More Owbridge’s Lung Tonic
If there’s one thing I’ve learned from this blog (well, there’s a ton of things I’ve learned, in fact, everyday is a school day here) it’s that there’s an awful lot of people still interested in Owbridge’s Lung Tonic. My last post on the subject here is one of my most popular pages. It’s really a rare day that there’s no hits on that post, which I wasn’t anticipating at all. As far as I was concerned, it was one of those pharmaceuticals lodged firmly in the past, like the mercury-containing Blue Pills of another post.
But Owbridge’s was a medicine that people obviously remember taking and are googling nostalgically for. And so I checked when it last was available, and I was surprised that production only ended in 1971 – no wonder so many people know of it still.
One thing I have to say – the British Medical Association’s “Secret Remedies” book of 1909 that I linked to in my previous post states that an analysis of Owbridge’s shows the medicine to contain ipecacuanha wine, honey and, alarmingly, a quantity of chloroform. But the formula did change again over the years and so the version that people had in the 1960s was (presumably) not the same as that analysed in 1909. Having said that, I haven’t found anything to state what exactly the last incarnation consisted of.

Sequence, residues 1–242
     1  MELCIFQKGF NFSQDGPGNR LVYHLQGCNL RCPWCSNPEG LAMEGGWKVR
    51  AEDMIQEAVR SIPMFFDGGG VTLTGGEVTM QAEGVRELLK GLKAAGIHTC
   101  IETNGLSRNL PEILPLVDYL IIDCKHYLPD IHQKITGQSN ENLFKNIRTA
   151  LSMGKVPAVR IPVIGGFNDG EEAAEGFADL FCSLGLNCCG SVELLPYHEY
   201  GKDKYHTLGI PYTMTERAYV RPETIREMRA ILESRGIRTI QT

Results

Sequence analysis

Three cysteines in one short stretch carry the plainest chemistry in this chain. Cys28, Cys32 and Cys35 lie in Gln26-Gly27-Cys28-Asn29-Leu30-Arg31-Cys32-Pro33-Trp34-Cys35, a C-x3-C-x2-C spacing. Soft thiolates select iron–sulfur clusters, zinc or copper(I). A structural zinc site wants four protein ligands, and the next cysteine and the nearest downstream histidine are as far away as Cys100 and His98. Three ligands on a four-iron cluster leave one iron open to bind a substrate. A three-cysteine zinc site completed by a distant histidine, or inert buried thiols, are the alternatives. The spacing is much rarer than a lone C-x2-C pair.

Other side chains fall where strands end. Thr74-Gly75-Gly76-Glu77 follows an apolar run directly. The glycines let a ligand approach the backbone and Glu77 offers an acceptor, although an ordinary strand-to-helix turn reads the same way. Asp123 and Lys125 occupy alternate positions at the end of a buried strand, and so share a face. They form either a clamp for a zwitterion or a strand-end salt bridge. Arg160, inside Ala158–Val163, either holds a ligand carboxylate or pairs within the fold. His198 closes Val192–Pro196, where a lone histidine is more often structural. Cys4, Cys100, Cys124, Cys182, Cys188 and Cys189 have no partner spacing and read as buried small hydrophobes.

Still, for those Owbridge’s fans still out there (although it is apparently a love-hate kind of memory, I gather), here’s some more vintage adverts I’ve found.
Owbridge’s Lung Tonic. Owbridge’s Lung Tonic. Owbridge’s Lung Tonic.
It sounds like there was some dispute going on here between The Pharmaceutical Society and patent medicines. “No one has the right to attach poison labels” to Owbridge’s, it says. That wouldn’t have helped business.
A double page advert celebrating the “thirty-third season” of Owbridge’s.
“Please remember we can produce originals of all these letters”:
This 1914 typeface reminds me of the opening credits of a black and white “Carry On” film.
Emphasizing the honey in this advert (rather than the chloroform):
Finally, a celebration of the 80th anniversary in 1954. It was around for nearly 100 years, just missing the centenary in 1974.